Then we held focus groups of nurses across the system to come up with ideas for what the vision should be. When we got down to two different wordings for a vision, we allowed our 45,000 nurses to vote on what they thought the national vision should be.

Kathleen Sanford, RN, DBA, FAAN, FACH, CNO at CommonSpirit Healthcare. Photo courtesy of CommonSpirit Health.

HL: How did you build on that newly agreed-upon vision?

Sanford: Once we had a national vision, we asked ourselves what's the strategy for getting on the list? We prioritized because you cannot do everything at once. Our priorities, given what was happening during COVID, was to come up with four actions.

First is a one-year nurse residency program, the largest finished residency program in the country.

Second, we started our own national staffing agency so that our nurses who wanted to could choose to travel and not lose their seniority.

Third, we developed a virtually integrated care unit that uses virtual care nurses.

Fourth, we started working more closely with academic partners to increase the number of graduates and the diversity of our nursing workforce.

For 2023, our nurses were asked about our second-year priorities, and they told us that they want to have shared governance across the entire system, to have individualized professional development programs for staff, to accelerate our academic partnerships, and to continue resilience and well-being programs, all in that order of priority.

Of course, with shared governance, 45,000 nurses can’t have a say in every decision, but you have to ensure that they know they have a voice at every level, that they have representatives that meet with management to talk about all things nursing. 

HL: When we talk about nurse satisfaction, is the most important element compensation?

Sanford: It’s not about the money. Compensation is not what’s making people leave nursing. It's more about whether they feel appreciated and that they get to do the work that they want to do that they're educated to do, that they have a voice, and that they have a good relationship with their supervisor. Research has shown that most human beings, if the salary is fair and about equal to what other people get for the same jobs, then they’re going to stick with you because they love the work and they feel appreciated.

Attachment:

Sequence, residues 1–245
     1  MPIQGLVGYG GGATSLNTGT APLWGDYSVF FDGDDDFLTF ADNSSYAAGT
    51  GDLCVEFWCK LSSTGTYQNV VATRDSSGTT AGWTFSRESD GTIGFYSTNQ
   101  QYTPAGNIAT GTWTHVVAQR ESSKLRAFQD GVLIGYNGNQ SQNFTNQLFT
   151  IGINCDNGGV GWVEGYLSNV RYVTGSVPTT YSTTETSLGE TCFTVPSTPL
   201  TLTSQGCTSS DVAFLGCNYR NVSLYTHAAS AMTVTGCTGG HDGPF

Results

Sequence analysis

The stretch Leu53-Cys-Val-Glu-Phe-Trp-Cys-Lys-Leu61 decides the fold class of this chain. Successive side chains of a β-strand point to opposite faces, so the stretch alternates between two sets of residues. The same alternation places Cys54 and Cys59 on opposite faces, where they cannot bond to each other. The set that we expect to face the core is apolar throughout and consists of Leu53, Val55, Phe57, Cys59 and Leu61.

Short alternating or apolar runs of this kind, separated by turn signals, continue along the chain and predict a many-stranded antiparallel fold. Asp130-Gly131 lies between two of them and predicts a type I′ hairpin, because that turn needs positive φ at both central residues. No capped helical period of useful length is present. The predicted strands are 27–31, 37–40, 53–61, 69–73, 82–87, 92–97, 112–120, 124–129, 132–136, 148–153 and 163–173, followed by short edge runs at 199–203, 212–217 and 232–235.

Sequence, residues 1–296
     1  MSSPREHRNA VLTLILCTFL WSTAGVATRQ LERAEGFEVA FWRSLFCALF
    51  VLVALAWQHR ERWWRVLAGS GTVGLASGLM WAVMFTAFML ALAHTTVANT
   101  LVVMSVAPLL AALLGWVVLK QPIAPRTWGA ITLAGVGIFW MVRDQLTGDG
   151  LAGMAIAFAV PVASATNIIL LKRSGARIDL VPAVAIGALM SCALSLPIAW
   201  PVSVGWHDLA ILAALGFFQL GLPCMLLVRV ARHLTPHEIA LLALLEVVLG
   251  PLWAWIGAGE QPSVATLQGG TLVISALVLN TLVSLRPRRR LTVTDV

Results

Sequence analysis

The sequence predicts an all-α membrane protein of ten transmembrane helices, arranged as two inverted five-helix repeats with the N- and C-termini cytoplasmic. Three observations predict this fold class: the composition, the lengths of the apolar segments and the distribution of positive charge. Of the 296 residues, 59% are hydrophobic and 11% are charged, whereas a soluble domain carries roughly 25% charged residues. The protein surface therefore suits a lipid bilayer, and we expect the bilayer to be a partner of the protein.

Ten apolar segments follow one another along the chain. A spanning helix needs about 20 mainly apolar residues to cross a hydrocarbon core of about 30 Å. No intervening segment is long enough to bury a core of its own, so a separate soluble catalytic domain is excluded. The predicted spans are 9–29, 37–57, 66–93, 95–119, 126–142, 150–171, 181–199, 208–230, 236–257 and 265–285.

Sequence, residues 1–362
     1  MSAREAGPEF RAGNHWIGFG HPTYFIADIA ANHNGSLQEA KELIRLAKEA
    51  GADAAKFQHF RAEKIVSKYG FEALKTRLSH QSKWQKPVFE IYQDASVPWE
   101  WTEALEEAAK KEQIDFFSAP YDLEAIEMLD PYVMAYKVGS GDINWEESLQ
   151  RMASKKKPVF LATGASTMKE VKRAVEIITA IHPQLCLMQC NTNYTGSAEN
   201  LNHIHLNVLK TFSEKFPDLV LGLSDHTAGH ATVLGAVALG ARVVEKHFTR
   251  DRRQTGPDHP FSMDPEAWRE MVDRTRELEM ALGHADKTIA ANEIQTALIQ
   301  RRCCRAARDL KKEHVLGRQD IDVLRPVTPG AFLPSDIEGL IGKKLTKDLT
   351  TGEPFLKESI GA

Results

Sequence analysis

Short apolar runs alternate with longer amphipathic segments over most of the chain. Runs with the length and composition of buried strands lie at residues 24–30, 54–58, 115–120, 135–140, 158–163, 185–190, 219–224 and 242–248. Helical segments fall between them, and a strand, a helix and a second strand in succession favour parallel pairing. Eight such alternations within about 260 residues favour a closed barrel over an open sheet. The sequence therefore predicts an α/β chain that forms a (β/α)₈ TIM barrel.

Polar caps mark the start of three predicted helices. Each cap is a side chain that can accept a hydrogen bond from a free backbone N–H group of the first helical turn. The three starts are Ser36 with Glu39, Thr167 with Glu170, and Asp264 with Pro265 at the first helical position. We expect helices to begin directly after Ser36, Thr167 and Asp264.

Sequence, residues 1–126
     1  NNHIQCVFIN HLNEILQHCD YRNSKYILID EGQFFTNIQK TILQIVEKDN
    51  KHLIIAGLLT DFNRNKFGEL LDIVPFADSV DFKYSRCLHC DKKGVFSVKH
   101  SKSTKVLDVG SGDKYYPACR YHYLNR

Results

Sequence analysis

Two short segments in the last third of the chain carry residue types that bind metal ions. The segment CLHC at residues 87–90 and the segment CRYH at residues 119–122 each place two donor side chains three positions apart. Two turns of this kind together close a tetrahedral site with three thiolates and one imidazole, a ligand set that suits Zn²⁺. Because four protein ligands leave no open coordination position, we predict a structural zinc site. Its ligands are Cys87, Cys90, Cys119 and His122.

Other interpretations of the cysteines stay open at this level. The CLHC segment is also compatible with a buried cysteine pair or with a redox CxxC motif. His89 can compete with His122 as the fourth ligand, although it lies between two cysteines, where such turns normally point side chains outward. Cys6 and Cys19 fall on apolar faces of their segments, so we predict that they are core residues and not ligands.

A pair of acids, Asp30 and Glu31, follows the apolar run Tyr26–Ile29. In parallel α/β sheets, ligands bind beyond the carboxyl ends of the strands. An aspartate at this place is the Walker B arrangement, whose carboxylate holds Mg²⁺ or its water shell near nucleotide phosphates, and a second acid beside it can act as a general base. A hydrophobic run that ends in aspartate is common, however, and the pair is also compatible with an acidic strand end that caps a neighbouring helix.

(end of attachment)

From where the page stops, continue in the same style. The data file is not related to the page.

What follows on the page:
HL: How does your nurse residency program work?

Sanford: Hospitals across the country say their highest loss of nurses are in their first year out of school, so I would advise every CNO to look carefully at their residency programs or their orientation. We have revised ours to be one year long. The nurses are paid their salary during that time to take care of patients, but it's not just learning how to attend patients. It's about learning how to manage the intricacies of an organization. We have classes on how to work well with other people, how you get your voice heard, how you deal with violence in the workplace, and how you deal with bullying.

The other piece is that our nurse residents will have 24-hours-a-day virtual preceptors and floor preceptors who work with new nurses so they don’t feel alone.

HL: Can smaller health systems and hospitals that lack the resources and staff still create a vision and build a strategy around it?

Sanford: You can gather 10 people and have a vision of what you want, and a strategy that gets you to that vision. If I was in a small hospital or a small health system, I would look for other systems I could partner with. You don’t have to be huge to get this done. It's about looking at what your vision is for your size and what would work best for you.

The main thing is to remember that there is not a one-size-fits-all solution.

John Commins is a content specialist and online news editor for HealthLeaders, a Simplify Compliance brand.


KEY TAKEAWAYS

Part of pursuing a strategy is balancing change because you can't change everything at once.

Compensation is not why nurses are leaving their jobs—it's more about appreciation, having a voice in decision-making, and having a good relationship with supervisors.